Finance / Mutual Funds · December 23, 2021

What Is Sharpe Ratio In Mutual Fund | How To Use It

Definition of Sharpe Ratio

Sharpe Ratio is a ratio that is used to calculate the stability of the return of a particular mutual fund to risk free assets like Fixed Deposit or Government Bonds

This ratio is commonly used to compare the return stability of two mutual funds in the same asset class that have similar rates of return.

For example, sharpe ratio of 1.35 means that particular mutual fund will yield 1.35% returns extra than fixed deposit, considering the volatility of the stock market in that year was 1%.

Note that volatility is also considered as standard deviation in many cases, they both mean the same.

What relevance does sharpe ratio hold

Imagine a scenario, where you want to invest some money. Now you have selected 2 assets: Mutual fund and Fixed Deposit. It is understood that mutual funds yield a higher rate of return compared to fixed deposit.


On the other hand, fixed deposits give a uniform rate of return irrespective of the market conditions. The returns shown today by a mutual fund may not be same tomorrow. Hence the saying goes, “Mutual funds are subject to market risk”.

Thus, sharpe ratio will analyze as to by how the particular mutual fund is performing by also considering the risk (volatility) factor and not just the rate of return.

How to use sharpe ratio

Understanding the mathematical point of view

The formula for Sharpe Ratio is given by the following mathematical statement:

Sharpe Ratio = ( Returns of mutual fund – Returns of Fixed Deposit ) / Standard deviation


  • Returns of a mutual fund is the probable returns it has given in the previous year
  • Returns of fixed deposit / or any asset that has zero risk (even Government Bonds can be considered in may cases)
  • Standard Deviation / Volatility of that particular fund.

Understanding sharpe ratio with an example

Consider a mutual fund with a NAV (Net Asset value) of Rs. 100 per unit and has given a return of 12% in the previous year. The NAV of the mutual fund had touched a low of Rs. 85 and a high of Rs. 125. The returns of Fixed Deposit in that particular year were 5%.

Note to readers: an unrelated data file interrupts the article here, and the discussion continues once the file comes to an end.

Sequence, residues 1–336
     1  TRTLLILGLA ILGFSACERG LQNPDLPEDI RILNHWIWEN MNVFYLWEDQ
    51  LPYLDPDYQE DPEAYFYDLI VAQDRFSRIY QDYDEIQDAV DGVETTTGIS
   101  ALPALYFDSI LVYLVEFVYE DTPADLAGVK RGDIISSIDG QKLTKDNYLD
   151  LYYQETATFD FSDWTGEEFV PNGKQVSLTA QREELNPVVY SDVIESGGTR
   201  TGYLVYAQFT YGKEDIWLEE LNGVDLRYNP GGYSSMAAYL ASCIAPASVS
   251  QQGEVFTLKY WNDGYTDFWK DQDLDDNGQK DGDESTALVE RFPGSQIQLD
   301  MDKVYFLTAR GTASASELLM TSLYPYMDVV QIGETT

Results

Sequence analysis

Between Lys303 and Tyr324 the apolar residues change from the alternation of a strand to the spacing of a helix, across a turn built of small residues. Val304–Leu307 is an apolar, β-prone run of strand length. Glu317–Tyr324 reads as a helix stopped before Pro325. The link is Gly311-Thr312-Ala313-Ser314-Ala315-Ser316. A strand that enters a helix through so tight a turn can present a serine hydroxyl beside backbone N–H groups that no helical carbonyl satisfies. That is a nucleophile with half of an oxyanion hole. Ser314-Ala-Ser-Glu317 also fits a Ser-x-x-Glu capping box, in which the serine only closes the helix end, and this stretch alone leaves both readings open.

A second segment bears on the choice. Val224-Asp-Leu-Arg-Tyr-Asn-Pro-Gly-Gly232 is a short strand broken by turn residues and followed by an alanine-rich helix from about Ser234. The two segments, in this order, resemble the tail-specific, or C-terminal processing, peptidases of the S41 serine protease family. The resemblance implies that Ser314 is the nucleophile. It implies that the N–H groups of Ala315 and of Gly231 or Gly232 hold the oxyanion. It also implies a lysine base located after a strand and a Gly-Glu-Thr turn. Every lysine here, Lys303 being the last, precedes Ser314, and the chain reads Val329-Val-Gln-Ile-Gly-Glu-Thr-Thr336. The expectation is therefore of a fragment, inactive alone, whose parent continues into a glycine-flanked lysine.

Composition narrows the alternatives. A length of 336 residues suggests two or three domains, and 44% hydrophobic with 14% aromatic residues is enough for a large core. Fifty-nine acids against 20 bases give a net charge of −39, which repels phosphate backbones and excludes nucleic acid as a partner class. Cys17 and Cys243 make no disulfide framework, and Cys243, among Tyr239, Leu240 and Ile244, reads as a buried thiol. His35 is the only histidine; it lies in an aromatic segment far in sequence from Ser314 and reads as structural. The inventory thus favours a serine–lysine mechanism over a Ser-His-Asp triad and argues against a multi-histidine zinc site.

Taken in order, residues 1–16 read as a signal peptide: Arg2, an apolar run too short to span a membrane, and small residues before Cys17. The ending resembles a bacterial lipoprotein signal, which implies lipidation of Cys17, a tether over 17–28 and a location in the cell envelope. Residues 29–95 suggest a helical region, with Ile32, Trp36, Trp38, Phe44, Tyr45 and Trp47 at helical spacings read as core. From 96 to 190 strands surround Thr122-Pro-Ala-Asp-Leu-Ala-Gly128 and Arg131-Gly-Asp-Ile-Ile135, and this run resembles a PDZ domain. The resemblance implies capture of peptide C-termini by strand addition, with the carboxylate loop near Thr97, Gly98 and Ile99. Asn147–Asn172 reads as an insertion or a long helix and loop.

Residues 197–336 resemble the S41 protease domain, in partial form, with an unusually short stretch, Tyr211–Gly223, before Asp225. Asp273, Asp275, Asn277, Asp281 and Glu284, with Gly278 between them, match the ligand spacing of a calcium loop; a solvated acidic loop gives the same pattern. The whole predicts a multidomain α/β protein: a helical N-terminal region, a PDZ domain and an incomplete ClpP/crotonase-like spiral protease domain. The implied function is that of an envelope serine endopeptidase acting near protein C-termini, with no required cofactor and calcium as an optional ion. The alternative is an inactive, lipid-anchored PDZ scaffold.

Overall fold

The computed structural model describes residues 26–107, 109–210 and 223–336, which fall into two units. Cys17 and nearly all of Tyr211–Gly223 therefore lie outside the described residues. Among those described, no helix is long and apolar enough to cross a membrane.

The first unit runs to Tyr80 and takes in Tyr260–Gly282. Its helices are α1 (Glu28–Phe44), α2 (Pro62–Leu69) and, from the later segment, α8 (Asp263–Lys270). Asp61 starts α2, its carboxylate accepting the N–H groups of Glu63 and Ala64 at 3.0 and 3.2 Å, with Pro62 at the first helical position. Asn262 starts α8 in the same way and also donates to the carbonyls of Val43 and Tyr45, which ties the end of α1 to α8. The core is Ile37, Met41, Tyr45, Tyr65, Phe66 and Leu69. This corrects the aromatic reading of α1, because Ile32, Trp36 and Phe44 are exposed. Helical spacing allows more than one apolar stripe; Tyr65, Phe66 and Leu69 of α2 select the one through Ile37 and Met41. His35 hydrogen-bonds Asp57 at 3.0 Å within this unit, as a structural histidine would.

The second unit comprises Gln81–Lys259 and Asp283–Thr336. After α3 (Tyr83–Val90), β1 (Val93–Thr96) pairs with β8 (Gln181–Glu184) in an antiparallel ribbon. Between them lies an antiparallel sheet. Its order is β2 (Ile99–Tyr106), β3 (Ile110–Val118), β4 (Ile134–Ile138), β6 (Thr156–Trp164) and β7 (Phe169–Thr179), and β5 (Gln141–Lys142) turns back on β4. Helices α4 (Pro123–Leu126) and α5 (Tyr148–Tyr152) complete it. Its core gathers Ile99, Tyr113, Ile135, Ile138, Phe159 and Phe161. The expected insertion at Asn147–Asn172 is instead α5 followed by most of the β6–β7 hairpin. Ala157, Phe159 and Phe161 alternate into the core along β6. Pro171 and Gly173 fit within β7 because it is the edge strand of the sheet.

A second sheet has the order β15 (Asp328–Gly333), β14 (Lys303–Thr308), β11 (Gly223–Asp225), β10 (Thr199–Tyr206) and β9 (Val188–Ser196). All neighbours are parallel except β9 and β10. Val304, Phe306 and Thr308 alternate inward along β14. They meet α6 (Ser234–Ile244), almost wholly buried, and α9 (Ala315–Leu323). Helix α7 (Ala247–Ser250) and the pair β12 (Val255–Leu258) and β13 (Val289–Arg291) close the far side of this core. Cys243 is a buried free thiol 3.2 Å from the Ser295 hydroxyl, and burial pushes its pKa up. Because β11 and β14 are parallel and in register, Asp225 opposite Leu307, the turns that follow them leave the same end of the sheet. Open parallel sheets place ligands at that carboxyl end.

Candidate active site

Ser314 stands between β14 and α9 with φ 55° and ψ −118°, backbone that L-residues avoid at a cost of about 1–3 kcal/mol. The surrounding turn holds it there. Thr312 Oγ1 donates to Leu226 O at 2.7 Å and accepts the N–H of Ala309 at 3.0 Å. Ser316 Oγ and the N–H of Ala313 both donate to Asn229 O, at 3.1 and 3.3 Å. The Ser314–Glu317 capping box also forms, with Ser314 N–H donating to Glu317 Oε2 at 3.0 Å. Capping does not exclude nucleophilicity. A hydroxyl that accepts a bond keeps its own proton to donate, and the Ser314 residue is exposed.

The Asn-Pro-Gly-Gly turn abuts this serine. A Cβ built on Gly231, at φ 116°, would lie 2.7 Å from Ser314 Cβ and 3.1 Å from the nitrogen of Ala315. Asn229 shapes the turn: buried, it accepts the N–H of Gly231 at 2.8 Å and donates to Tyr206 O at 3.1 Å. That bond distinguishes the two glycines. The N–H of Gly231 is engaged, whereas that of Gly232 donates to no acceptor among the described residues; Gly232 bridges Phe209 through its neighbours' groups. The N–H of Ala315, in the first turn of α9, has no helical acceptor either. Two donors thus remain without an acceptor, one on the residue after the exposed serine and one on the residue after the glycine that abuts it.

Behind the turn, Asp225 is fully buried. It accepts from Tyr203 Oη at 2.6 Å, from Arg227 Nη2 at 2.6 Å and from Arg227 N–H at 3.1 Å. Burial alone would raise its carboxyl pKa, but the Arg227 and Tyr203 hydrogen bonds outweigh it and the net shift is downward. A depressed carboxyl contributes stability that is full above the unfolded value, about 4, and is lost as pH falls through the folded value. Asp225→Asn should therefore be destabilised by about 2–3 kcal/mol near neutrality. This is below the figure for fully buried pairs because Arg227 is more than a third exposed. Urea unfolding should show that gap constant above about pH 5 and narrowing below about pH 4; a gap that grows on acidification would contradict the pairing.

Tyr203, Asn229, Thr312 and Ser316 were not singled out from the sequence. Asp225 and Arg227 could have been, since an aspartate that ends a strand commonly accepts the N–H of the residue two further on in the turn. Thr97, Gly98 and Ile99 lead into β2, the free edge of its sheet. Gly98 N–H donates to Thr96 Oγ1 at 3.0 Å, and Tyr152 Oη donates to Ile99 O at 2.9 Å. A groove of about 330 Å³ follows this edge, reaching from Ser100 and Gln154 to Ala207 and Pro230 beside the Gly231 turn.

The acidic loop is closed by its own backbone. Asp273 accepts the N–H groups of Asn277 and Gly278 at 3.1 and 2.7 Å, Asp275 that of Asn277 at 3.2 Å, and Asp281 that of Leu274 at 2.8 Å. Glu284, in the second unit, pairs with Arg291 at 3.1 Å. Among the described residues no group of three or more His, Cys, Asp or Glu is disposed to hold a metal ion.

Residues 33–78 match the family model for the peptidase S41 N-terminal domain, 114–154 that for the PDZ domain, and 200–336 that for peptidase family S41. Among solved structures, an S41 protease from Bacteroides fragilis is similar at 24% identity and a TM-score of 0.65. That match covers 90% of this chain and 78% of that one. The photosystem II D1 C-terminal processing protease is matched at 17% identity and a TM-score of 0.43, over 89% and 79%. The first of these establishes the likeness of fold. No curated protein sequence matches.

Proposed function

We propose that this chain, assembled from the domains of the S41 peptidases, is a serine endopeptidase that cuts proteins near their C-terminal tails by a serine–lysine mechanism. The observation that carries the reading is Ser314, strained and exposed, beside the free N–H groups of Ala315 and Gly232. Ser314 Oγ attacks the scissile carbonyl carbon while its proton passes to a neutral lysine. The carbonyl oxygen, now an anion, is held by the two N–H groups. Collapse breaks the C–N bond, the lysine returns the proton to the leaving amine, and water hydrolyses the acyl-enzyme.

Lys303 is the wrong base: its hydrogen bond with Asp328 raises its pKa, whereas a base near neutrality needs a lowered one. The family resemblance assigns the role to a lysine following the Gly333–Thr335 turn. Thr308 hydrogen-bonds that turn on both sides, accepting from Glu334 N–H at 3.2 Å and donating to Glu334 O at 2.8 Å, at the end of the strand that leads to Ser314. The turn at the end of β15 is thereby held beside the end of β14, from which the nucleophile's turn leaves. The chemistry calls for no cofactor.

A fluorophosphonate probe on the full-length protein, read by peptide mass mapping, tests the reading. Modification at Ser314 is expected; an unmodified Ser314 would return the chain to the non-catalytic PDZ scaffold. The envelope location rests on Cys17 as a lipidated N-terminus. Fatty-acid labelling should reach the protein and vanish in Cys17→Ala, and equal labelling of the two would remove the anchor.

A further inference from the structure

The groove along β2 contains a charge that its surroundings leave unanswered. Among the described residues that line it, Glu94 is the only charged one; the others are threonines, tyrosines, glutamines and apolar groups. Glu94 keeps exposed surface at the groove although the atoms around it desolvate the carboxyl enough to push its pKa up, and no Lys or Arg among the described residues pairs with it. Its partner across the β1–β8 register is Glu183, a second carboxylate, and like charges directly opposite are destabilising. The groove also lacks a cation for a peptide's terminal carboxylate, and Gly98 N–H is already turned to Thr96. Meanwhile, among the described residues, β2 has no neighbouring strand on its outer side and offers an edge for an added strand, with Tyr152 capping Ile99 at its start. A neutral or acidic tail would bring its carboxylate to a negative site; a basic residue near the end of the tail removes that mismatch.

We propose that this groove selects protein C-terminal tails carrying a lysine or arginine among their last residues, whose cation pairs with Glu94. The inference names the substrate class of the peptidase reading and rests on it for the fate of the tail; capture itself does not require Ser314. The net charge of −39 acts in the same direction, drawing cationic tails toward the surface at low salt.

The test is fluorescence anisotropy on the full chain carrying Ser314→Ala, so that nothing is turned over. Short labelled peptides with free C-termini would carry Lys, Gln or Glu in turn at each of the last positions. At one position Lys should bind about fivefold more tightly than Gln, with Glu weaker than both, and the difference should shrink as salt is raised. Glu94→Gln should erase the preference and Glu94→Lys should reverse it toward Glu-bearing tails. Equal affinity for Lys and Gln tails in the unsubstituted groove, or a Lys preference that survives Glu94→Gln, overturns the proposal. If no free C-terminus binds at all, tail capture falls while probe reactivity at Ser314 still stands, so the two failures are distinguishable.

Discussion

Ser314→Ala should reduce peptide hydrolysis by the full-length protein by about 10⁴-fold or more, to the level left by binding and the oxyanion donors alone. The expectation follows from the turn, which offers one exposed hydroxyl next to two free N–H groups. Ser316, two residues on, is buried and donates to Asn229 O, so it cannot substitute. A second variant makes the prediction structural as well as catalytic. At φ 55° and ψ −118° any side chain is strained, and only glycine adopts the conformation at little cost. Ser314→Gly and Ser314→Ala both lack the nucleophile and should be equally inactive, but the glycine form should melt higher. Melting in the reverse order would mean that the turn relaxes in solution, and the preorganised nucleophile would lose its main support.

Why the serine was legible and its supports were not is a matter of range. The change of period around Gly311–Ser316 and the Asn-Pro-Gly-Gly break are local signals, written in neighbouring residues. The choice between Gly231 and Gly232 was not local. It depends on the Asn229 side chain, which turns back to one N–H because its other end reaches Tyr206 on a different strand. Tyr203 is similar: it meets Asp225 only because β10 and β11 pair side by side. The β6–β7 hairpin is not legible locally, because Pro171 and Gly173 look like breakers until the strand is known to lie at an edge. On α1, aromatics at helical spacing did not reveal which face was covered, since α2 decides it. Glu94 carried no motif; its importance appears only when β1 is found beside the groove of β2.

Now to determine the standard deviation (volatility) we have,

SD = (High – low) / NAV value X 100

= (125 – 85)/100 X 100 = 40%

A standard deviation of 40% tells us that this mutual fund is a very high risk mutual fund. The standard of a fairly performing mutual fund should be less than 10% in the worst case.


Sharp Ratio = (Returns of mutual fund – Returns of Fixed Deposit) / Standard Deviation

= (12 – 5) / 40 = 0.175

The sharpe ratio of this particular mutual fund = 0.175.

This information tells us that the mutual fund will only yield 0.175% more than the Fixed Deposit at 1% volatility. Hence, we can come to the conclusion that investing in a fixed deposit is a better alternative than investing in this particular mutual fund.

It is surprising to see that a fixed deposit that yields 5% is a better investment than a mutual fund that has yielded 12% in the previous year.

Sharpe Ratio also takes the volatility of that asset class into account and not only the rate of return. Hence, this is a better way to gauge the performance of a mutual fund.

Sharpe ratio and volatility

Since the sharpe ratio is inversely proportional to standard deviation (volatility), it will tell us that a high sharpe ratio value will be achieved when the volatility of that mutual fund is low. A less volatility means the fund is less risky and vice versa.

Thus, a mutual fund with low sharpe ratio can also mean that that the fund has a high risk of investment. This needs to be balanced with higher rate of return.

A mutual fund with a higher sharpe ratio is always preferred for stable returns and low market risk.

When comparing between two mutual funds having the same rate of return, the one with a higher sharpe ratio will always be preferred.

Positive vs negative Sharpe Ratio

Sharpe ratio of a mutual fund should always be positive. This indicates that the fund will give better returns than fixed deposits. For the high risk an investor takes for choosing to invest in mutual fund should be rewarded with better rate of return.

When a mutual fund has a negative sharpe ratio it simply means that an asset class like Fixed Deposit will give a better return than investing in that mutual fund. A negative sharpe ratio is an indication that investing in a Fixed Deposit is a better choice.

A mutual fund with a sharpe ratio less than 1 should also be avoided as the risk one takes to invest should not be rewarded with low rates of return. One needs to find mutual funds having sharpe ratio of more than 1%


It is to be noted that sharpe ratio is not the only form of ratio that will determine the overall performance of the mutual fund. An investor must use it as only one of the tool to compare the difference between mutual funds and mutual funds and fixed deposits.

Also one needs to understand that when investing in small cap mutual funds that are extreme in high risk are bound to have a low sharpe ratio as they will be very volatile to the market. That does not mean that small cap mutual funds are bad. They will tend to give better return over a long duration.

Also read How To Calculate Price To Earning (PE) Ratio Of A Stock

Copy link
Powered by Social Snap